Friday, April 9, 2010

I'll have the salad, please.

It's been a week since the fundraiser at the Waldorf Astoria--did I ever tell you how much I loathe those things? It's such a puzzle to me, these obscene parties. Spend twenty or thirty thousand dollars on champagne and caviar and bimbos with cigarette trays to stroke the egos of bloated and self-important politicians and executives and by the time the night is over, you have those same lunkheads ten percent poorer and twenty percent fatter. I say, take a week out of your life, make some phone calls and personal visits, take out an ad in the Times to thank them--and if you're so inclined, add the money you saved from putting a party and viola--you have one hell of a good fundraiser. But then, where would the cigarette girls go?

A good deal has arisen over the horizon that is my husband, Walter. After the Waldorf function I was quite famished. The lobster bisque smelled of last month's cheese and the bread was as leaden as the hostess's sense of humor, so I skipped both and stuck with the salad. Needless to say, I'd have given my right eye for a slice of pizza. So off I went into the Manhattan night to take my chances in Little Italy. For this venture, I put away my party dress and slipped on my denim trousers and best checked farmer's blouse. I was interestingly ravishing, I must say, a cross between Annie Oakley and some old broad who would be more comfortable under the carriage of a Buick than a man, if you know what I mean.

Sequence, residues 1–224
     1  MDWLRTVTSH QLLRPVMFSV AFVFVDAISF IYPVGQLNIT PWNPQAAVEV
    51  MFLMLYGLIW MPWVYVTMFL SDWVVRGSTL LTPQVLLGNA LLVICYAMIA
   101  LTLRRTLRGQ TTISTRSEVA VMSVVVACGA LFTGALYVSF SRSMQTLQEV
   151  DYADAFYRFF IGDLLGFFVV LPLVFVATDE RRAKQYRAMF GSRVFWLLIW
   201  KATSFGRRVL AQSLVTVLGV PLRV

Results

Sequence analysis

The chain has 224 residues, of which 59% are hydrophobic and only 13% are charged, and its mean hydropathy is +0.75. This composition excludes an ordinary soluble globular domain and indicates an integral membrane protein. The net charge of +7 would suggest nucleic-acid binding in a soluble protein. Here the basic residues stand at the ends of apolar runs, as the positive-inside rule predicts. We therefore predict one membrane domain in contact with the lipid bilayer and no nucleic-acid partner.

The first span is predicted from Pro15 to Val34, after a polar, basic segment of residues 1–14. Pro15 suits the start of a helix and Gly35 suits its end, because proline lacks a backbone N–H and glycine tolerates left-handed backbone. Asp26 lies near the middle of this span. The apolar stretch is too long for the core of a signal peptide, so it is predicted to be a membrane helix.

Anyway, I had my driver, Miles, drop me at the corner of Mulberry and Main, while I let him drive on to prowl Greenwich. No sooner did I turn into Vivaldi's for a slice of pepperoni did I catch a whiff of cheap tramp musk. I spun around and there they were--my Walter and that thing, attached to his arm like a sucking leech.

Now, my bunnies, I have nothing against men taking a lover--I believe I've made that amply clear. It's in the DNA--men need artificial sweetner like women need an occasional coiff. It reminds us that we are still pertinent and can still draw the eye. But there are rules, and rules must be obeyed. Be discreet. Never take a lover that would reflect poorly on your wife--either making her look foolish or frumpy, or stupid for having settled for a man whose standard are clearly in the gutter. And this..."woman" that Walter was dragging around like a fishing lure--she was clearly in the latter. And, I might add---she was my friend.